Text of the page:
I compare William James’ and Friedrich Nietzsche’s construals of consciousness and will, two of the core notions in both philosophy and psychology. I delineate the elements significant in their respective accounts of the two notions, and show that there are significant parallels in their views. An appreciation of the affinities in James’ and Nietzsche’s construals of consciousness and will facilitates an appreciation of their remarkably parallel contributions in both philosophy and psychology. It also enhances an appreciation of James as a philosopher with a rich background and expertise in psychology, and an appreciation of Nietzsche as an original, important philosopher-psychologist. Furthermore, the parallels I will have drawn between their views may provide materials with which to appreciate and substantiate the construal of a strand in contemporary psychology that is philosophically informed, and which embraces a radical version of empiricism that is rid of the dogmas found in traditional empiricism.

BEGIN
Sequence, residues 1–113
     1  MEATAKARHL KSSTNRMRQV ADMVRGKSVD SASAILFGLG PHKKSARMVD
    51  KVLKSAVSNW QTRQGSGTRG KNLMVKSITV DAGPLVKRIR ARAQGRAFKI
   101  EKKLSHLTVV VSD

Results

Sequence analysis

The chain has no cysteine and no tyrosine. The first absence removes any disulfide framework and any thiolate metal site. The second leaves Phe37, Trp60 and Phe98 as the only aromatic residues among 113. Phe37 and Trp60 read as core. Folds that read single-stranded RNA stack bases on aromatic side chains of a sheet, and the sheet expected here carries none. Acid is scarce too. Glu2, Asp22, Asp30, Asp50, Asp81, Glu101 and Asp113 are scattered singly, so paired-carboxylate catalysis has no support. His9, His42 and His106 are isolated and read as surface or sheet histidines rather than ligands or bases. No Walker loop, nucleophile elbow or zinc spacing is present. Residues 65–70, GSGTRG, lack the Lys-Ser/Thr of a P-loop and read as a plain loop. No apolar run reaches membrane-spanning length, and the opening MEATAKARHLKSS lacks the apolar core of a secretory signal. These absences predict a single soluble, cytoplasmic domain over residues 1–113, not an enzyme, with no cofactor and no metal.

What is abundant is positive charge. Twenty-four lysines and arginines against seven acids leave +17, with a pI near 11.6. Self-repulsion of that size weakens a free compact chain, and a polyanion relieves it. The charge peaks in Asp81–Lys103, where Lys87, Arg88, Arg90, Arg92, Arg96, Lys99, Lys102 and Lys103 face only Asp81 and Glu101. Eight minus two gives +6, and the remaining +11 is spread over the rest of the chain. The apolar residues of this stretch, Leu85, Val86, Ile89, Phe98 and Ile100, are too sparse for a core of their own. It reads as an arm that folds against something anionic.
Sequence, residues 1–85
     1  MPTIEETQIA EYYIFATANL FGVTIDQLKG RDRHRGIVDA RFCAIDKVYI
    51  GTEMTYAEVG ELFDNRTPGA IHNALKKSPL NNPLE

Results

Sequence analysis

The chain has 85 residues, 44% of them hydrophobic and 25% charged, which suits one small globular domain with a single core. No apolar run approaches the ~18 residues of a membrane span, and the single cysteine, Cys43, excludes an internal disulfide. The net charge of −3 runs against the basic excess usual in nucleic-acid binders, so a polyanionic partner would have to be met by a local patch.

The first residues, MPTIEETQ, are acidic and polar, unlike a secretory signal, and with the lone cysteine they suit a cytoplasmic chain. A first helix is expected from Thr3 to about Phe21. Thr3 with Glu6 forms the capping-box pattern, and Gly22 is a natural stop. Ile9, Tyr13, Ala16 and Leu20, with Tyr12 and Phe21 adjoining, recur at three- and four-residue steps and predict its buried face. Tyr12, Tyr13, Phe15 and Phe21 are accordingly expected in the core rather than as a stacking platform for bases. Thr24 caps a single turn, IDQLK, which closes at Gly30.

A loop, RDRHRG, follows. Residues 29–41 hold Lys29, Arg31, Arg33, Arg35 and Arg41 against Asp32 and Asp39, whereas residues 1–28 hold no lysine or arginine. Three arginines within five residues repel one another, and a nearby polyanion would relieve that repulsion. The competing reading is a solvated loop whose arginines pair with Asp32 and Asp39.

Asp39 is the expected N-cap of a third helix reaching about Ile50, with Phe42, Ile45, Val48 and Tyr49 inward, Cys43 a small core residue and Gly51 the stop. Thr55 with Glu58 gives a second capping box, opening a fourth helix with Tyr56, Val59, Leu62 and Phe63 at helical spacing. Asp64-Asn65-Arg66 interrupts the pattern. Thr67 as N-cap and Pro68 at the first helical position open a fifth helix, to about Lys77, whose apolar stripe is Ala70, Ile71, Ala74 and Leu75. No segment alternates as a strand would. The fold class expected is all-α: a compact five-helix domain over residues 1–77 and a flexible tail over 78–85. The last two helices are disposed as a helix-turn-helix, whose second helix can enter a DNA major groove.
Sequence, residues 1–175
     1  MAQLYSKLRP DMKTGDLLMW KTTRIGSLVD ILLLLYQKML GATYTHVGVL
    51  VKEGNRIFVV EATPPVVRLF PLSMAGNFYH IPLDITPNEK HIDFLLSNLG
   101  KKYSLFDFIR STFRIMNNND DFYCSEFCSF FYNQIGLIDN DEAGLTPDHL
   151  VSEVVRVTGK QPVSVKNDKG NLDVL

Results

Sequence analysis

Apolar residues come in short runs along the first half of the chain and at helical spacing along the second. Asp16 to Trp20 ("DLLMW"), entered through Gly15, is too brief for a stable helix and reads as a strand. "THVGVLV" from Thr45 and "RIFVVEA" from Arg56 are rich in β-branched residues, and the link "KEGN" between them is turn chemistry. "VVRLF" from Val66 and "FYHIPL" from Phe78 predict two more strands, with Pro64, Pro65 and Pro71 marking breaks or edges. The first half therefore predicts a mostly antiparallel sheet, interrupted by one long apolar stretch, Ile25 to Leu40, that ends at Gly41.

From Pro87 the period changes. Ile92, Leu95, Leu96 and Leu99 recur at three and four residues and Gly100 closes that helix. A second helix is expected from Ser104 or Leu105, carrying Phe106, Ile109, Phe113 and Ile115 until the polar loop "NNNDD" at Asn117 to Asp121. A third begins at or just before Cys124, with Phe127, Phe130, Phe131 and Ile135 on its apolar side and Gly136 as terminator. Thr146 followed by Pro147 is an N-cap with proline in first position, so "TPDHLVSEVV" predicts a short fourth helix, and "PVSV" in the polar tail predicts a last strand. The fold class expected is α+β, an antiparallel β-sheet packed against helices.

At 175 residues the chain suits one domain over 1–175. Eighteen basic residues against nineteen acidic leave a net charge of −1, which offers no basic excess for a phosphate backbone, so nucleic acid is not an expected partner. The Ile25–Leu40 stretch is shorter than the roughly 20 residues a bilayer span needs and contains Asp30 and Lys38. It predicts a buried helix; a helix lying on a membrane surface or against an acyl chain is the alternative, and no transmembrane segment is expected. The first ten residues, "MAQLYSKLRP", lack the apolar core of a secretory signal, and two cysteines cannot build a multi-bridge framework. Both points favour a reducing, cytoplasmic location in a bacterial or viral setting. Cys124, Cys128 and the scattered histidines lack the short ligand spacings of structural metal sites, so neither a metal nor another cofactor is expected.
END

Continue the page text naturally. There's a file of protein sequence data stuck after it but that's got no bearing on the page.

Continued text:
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Thesis advisor: Andersen, Holly
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